In metropolis areas with convenient shopping, tent cities, with exact locations kept in confidentiality, are increasing as homeless citizens opt to live in the essentially “rule-free” areas where some abuse substances.
Matthew and Stephanie are part of a growing population of homeless in Moore County. People that have lost their minimum wage jobs and without savings are having to choose between paying the rent or feeding their families ~Sandhills Sentinel/John Patota/2020.
“When visiting a small, local homeless tent campsite, I noticed hundreds of aerosol cans on the path,” Friesen said. “When I asked them what the cans were used for, they said they used them for a cheap high. There is a real need for addiction recovery programs in our area. Homelessness and lack of transportation can make it very difficult for homeless individuals who also struggle with addiction, to access help and support for their addiction.”
Unsheltered homeless citizens, including those with “substance use disorders” and their families, may receive Rapid Rehousing, a program with a “housing first” priority. The program is run through Sandhills Community Action Program.
The Southern Pines Housing Authority has 100 units available and is at 98% occupancy. They have a waiting list and cannot offer emergency housing.
Family Promise of Moore County sheltered 22 families in 2020, and the average stay was 28 days. They assist women and children but not those with a domestic violence situation.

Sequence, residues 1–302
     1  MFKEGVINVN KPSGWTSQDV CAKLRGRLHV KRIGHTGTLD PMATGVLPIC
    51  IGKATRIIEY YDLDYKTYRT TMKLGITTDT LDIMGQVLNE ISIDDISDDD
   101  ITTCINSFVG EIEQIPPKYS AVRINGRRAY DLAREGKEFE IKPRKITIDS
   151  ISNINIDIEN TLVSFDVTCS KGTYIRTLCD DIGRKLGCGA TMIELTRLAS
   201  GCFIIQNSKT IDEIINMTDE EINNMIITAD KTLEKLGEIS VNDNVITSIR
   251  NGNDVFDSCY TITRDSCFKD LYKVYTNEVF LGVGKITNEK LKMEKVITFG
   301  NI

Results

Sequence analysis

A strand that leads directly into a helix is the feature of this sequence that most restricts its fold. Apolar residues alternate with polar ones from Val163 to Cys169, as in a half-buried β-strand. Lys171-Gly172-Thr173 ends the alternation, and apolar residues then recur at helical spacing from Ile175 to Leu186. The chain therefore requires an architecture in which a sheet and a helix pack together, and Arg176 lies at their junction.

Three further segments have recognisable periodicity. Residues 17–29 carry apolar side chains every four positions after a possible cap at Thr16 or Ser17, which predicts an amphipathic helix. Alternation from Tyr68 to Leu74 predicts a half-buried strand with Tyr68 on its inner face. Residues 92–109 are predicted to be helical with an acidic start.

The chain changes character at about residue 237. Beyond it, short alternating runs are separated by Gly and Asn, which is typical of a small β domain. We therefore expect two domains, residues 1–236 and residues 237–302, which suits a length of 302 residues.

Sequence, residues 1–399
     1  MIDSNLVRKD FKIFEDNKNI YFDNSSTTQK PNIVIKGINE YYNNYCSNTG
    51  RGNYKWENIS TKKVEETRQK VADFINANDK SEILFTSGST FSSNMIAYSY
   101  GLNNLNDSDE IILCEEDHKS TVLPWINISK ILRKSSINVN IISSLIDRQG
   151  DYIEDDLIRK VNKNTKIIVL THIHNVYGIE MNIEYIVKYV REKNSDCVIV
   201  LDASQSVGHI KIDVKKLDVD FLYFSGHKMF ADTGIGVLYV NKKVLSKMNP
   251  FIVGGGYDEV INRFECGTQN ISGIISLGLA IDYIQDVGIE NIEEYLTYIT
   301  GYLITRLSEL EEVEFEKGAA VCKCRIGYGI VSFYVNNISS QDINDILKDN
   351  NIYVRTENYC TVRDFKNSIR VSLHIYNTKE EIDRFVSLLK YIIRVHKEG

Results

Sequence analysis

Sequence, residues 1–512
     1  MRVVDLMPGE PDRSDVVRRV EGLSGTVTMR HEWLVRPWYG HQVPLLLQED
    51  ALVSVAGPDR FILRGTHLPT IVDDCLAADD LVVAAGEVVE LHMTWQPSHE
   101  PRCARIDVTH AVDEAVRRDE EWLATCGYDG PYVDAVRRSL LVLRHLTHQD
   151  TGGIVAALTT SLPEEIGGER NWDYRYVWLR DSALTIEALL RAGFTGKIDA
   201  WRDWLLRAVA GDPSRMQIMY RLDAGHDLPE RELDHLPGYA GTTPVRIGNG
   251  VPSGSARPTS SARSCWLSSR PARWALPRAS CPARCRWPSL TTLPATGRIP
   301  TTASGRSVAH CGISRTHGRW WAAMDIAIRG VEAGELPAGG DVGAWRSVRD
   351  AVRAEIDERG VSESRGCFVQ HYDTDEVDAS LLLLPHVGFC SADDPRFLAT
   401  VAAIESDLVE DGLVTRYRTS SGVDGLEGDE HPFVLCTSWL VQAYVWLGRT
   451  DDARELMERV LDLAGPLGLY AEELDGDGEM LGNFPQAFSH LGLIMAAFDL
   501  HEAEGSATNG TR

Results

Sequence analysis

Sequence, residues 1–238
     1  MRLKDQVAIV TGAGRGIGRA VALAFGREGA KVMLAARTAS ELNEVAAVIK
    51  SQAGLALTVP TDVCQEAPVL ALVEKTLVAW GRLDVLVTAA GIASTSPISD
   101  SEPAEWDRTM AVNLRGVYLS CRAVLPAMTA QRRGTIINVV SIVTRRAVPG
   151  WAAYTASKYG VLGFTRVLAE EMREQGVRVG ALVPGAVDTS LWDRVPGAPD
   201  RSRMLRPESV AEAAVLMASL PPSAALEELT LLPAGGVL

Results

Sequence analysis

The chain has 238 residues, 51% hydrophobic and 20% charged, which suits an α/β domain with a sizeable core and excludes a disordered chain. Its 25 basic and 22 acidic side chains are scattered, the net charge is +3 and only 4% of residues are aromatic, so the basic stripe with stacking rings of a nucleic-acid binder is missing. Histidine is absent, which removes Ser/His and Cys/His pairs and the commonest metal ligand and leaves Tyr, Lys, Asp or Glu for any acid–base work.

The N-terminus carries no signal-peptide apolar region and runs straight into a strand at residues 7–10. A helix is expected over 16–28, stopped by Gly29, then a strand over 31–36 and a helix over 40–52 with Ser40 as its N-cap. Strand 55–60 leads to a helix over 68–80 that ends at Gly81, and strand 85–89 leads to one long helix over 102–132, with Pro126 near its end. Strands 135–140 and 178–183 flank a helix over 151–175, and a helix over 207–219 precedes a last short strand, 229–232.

Friend to Friend does assist those in a domestic violence situation, including men, women and children, and helps human trafficking victims. In 2020, 544 survivors were provided support, care and services. Legal advocacy, safety planning, information and resources were served to 431 clients, and they completed 322 protective orders.
Survivor “Ms. Jones” (protective pseudo name) shared her perspective on life before help from Friend to Friend, and her hopes for the future.
Ms. Jones shares what life was like before reaching out for help.
Ms. Jones, who manages her bipolar disorder with a physician and medication, has been drug-free for three years. She still has cravings and calls on her past therapist whenever she struggles.
She is a survivor of domestic abuse and found permanent housing through Rapid Rehousing at Friend to Friend.
Ms. Jones shares her goals and future goals.
“I was in rehab several times, but I didn’t let it work,” said Jones. “I got it in my mind and did it myself – cold turkey. It was the kids or drugs, and I chose the kids.”
To contact Friend to Friend, please call their advocacy office at 910-947-1703. To reach their crisis line, please call 910-947-3333. Family Promise of Moore County can be reached at 910-944-7149. Please call 910-692-2042 to speak with the Southern Pines Housing Authority.
Feature photo: L,R; Karen Laviner of Southern Pines Housing Authority, Susan Bellew of Family Promise of Moore County, and Anne Friesen of Friend to Friend. Contributed photos.
Article and videos by Sandhills Sentinel Reporter Stephanie M. Sellers.